Now that we've had a little fun, let's get down to business. In this maze of uncertainty that confronts most of us! In this feeling of restlessness, not knowing which road to follow in order to achieve success! In this terrific turmoil of nations! In the tremendous effect it has had upon the minds of all of us - the don't care attitude - the warped thinking of so many, "Well, I can't do anything about it anyway, so why try?" The one question that is still in the mind of many of us, and thank God it is, is "How can I become more productive? How can I do a better job than I'm doing at the present time? How can I become a better employee or a better employer, whichever the case may be? How can I help my family enjoy a higher standard of living? Or how can I contribute more to the trade or civic association that I belong to? There are a lot of answers to those questions and no doubt you have often asked those same questions of yourselves and then tried to solve them with little progress. One of the best answers I have to that question is to become a little more enthusiastic about everything that is worth while doing. Become excited! You have nothing to fear! Just let yourself go and literally burn with enthusiasm! I don't know why, but a lot of us have grown lackadaisical. We've lost our spirit, our zip, our pep and our steam and unfortunately too many of us have taken things for granted. Nothing ever accomplished in this nation was ever accomplished without en¬thusiasm. If we want to get ahead in our own business, if we want to become a better employee, if we want to become a better head of the family or if we want to win this war at a faster rate than we're winning it at the present time, let's begin to do something about it. Let's become all wrapped up in the issue! Let's find out why! Let's inject a little enthusiasm into our efforts and note the difference in the results.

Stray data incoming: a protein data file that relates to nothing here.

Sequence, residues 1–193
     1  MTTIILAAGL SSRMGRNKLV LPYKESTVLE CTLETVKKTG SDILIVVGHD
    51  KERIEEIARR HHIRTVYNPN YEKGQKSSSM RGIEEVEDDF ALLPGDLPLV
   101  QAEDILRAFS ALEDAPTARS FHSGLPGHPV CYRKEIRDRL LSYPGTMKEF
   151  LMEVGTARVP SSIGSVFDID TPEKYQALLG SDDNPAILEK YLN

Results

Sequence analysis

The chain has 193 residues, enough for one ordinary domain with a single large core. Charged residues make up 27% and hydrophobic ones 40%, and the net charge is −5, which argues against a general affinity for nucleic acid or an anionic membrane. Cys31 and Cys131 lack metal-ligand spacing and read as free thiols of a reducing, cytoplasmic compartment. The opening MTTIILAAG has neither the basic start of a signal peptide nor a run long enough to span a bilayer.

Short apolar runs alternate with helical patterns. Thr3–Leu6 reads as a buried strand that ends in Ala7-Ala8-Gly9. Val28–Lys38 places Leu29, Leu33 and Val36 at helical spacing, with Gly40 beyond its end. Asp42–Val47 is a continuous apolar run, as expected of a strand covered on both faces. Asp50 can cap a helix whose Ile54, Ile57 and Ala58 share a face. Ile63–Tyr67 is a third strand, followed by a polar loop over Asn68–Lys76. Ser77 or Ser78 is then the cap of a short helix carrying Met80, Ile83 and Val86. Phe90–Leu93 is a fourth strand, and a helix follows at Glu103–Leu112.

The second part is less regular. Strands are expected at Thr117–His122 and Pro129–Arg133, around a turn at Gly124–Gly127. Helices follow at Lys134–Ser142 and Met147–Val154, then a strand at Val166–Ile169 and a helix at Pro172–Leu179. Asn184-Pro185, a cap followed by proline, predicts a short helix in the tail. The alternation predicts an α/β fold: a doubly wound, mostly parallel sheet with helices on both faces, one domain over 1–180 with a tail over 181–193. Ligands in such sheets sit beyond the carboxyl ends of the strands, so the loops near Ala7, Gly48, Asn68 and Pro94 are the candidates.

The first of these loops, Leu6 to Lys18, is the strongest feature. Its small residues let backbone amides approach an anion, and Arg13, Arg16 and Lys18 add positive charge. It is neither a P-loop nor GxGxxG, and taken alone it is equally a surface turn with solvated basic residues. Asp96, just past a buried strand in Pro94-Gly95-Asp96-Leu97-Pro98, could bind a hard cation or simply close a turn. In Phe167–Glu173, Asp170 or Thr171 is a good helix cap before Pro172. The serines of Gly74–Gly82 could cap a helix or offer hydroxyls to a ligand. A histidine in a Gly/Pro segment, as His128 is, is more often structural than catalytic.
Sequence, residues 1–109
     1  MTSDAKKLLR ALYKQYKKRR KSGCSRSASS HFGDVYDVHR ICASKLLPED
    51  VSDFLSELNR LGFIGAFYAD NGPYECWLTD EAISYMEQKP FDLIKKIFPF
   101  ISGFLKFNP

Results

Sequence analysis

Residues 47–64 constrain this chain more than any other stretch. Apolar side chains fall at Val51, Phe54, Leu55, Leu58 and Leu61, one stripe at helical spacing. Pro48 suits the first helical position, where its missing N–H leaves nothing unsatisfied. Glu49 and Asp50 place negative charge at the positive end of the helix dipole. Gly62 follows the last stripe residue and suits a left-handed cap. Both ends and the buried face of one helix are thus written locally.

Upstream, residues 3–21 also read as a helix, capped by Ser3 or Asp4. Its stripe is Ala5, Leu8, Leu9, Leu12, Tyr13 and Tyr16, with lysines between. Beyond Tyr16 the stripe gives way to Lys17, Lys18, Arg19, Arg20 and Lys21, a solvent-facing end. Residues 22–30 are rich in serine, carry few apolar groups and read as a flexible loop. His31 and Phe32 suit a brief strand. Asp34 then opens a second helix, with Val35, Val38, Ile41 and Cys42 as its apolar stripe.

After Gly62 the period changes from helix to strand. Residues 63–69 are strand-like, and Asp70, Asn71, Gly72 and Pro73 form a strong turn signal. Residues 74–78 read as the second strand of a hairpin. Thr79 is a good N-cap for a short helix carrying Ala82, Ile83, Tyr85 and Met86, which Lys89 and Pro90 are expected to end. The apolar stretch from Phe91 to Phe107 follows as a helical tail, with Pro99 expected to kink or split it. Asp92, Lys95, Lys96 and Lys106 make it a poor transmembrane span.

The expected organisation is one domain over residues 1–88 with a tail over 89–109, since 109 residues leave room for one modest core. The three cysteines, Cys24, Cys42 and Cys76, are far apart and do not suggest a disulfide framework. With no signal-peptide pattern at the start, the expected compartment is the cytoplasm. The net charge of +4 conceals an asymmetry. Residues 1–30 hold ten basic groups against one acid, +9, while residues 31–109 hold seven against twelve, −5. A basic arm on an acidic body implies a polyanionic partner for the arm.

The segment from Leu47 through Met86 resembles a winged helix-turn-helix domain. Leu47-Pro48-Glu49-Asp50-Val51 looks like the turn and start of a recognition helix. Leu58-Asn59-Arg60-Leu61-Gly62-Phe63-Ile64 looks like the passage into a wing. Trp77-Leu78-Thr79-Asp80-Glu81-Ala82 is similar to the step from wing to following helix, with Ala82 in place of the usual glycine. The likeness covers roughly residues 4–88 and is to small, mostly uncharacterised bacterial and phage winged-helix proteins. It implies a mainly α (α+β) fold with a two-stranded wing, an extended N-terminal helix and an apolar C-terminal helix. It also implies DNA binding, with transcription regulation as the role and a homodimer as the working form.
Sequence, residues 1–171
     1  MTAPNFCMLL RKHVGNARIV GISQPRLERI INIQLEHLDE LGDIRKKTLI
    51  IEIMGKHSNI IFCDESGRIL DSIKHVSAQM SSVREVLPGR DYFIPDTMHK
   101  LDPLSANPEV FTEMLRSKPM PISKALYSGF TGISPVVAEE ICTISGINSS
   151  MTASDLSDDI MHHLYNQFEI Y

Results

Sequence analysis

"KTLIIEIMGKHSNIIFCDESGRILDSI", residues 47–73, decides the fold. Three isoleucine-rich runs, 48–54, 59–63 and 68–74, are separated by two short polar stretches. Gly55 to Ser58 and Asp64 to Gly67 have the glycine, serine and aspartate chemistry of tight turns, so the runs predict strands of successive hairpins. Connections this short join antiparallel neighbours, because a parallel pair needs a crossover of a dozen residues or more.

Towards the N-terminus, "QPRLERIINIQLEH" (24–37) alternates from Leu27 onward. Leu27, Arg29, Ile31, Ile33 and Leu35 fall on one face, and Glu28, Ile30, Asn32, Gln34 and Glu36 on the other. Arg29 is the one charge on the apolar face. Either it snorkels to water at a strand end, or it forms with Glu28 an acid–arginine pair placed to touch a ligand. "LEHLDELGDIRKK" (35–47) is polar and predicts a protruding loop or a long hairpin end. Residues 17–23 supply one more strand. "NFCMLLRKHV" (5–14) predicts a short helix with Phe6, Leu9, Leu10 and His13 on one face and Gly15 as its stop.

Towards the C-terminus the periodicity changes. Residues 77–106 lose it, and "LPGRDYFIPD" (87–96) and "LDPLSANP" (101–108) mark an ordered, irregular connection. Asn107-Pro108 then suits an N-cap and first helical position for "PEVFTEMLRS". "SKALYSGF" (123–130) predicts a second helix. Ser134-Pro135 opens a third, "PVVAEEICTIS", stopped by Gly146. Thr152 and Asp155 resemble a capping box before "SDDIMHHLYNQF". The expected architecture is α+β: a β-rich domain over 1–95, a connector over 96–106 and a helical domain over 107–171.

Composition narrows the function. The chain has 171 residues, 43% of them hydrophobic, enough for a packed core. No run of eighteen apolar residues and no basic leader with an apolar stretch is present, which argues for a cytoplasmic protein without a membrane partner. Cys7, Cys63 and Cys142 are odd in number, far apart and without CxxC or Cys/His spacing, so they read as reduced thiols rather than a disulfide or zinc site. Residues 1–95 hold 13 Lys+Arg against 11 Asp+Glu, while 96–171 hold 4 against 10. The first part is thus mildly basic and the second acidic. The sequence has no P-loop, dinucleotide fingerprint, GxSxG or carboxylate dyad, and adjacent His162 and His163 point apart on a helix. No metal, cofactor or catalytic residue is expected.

I know of a minister-you probably say a minister doesn't sell. This gentleman's name is Dr. Bill Alexander. Maybe some of you know him. He is pastor of the First Christian Church in Tulsa, Oklahoma. He is one of the most enthusiastic speakers and enthusiastic men that I know of. Let me tell you about him. I had the occasion to meet the man in Tulsa some time ago and didn't realize why he got such large crowds in his church, so I asked him. These people literally stood outside to hear him, so I asked him why. He said, "I don't know, Jim, but I think it is this: I set myself afire and I think people come to see me burn." More of us right here in this room and all around the entire country can do that same thing and do a better job. It's easy to set yourself afire to burn with enthusiasm. Before the morning session is over with, I hope to show you how to do it. Dr. Alexander has a story and with the kind permission of Mr. Donaldson, I would like to tell it to you. There is a little naughty word; it isn't too bad, so-o-o. May I have your permission, Mr. Donaldson? Thank you.